Fresh Start Gala, Thank You for Your Support

A huge thank you to everyone who came out and supported LASC’s Fresh Start Gala to benefit the Bankruptcy Pro Bono Program! On February 22nd, more than 120 people filled the beautiful atrium of Porter Wright Morris and Arthur to recognize the hard work of the pro bono attorneys as well as support Legal Aid’s mission. The event raised over $50,000 from sponsorships, ticket sales, individual donations, and silent auction proceeds. Many thanks to our Planning Committee: Brenda Bowers, Jennifer CaJacob, Lisa Eschleman, Stephanie Harris, Mina Khorrami, Melissa Linville, Liz Koehler, Vivian Opelt, Christy Prince, Lauren Prohaska, Myron Terlecky, and Debi Willet.

Bankruptcy client Erica Booker, pictured here, spoke about the impact Legal Aid’s programming has had on her life. When her husband lost his job last summer, her family began falling behind on their regular living expenses and after her wages began being garnished, Erica knew she had to do something quickly or they would become homeless. Erica lives in the Near East neighborhood and is an instructional assistant in an elementary school where she works with children with special needs. Erica’s situation is similar to countless others who pick up the phone to call Legal Aid. One event such as a job loss or a medical condition can propel low-income families into crisis mode, and filing a bankruptcy can help bring them back from the edge.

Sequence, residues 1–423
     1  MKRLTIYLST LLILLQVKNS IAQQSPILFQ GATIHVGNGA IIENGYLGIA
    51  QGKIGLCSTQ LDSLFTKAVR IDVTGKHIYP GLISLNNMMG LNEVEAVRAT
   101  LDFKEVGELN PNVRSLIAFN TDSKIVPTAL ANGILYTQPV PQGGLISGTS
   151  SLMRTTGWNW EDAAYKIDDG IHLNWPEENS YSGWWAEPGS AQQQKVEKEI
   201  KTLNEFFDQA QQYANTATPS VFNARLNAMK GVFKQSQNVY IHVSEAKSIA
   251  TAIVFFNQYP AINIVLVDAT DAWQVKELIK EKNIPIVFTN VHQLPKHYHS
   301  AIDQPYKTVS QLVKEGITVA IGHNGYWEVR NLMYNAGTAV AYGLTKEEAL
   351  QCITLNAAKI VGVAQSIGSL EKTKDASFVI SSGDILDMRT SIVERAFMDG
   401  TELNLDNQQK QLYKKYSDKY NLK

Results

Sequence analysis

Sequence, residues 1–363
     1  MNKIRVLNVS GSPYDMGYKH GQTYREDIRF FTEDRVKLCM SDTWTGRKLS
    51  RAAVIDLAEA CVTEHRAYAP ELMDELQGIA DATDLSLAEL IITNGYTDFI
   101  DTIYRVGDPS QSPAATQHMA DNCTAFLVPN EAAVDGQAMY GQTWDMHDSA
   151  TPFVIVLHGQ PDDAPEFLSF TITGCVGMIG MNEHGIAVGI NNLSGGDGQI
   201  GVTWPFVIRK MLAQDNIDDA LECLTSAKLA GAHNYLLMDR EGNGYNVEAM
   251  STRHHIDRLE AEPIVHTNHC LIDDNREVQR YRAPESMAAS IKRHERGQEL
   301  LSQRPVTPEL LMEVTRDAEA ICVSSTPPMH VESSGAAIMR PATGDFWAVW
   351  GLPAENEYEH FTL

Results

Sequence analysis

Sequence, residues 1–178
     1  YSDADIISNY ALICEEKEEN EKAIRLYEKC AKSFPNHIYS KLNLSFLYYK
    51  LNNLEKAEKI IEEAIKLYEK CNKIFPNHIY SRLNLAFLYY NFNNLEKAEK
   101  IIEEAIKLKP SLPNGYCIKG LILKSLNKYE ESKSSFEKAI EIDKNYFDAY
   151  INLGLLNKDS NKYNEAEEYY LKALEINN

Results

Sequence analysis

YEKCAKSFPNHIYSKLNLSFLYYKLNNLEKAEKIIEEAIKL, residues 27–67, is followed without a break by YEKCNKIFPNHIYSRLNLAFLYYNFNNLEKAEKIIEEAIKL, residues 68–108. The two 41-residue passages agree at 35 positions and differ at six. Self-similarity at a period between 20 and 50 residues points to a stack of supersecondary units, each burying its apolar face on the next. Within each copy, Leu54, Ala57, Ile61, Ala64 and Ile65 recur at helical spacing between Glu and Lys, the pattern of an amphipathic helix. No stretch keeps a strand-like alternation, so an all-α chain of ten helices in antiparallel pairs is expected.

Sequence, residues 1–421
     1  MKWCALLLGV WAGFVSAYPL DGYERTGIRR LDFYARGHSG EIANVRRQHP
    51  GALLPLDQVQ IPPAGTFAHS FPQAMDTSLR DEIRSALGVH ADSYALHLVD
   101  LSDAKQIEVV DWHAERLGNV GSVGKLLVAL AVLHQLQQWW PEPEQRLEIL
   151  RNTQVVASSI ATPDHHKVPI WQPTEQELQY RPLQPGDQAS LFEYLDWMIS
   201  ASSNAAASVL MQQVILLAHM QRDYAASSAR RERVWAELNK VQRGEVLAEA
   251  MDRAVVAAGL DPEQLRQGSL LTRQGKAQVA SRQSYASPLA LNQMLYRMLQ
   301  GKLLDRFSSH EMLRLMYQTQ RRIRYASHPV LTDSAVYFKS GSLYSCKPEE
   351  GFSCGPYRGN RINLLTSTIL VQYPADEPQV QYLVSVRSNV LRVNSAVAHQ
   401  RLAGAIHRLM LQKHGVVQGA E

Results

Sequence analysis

Through the Bankruptcy Pro Bono Program, we help people keep their lights and heat on in the winter; we help people reinstate their drivers’ licenses so they can more easily access higher paid job opportunities; and we help stop wage garnishments so clients can better provide for their families.

Thank you for helping us provide a Fresh Start for so many!

Columbus Women’s Commission taking on issues of pay equity, evictions


When the Columbus Women’s Commission rolled out a pledge to deal with pay inequity between women and men, about 60 companies signed the document in November.

That has swelled to more than 90 companies, with more businesses considering it.

The commission, formed a little more than a year ago, has been taking small steps so far in tackling issues affecting women from the workplace to the homeless shelter. It started with the pay-equity pledge, and later this year it is to release recommendations to reduce evictions.

Read More

Columbus is welcoming, but has gender pay and rising homeless issues, panelists say

Mayor Andrew J. Ginther (right), speaks with a panel as part of the fourth State of Columbus Neighborhood Conversation on Thursday, Feb. 22, 2018. The panel from left: Nana Watson, President, NAACP Columbus Chapter; Ariana Ulloa-Olavarrieta, Executive Coach, LIGHTS (Leveraging Innovation Gateways and Hubs Toward Sustainability) at Ohio University; Professor Robert Solomon, Assistant Vice Provost, Office of Diversity & Inclusion, The Ohio State University; Gale King, Executive Vice President and Chief Administrative Officer for Nationwide; Thomas Grote, Entrepreneur and Advocate; and Christie Angel, President and Chief Executive Officer, YWCA Columbus. [Jim Woods/Dispatch]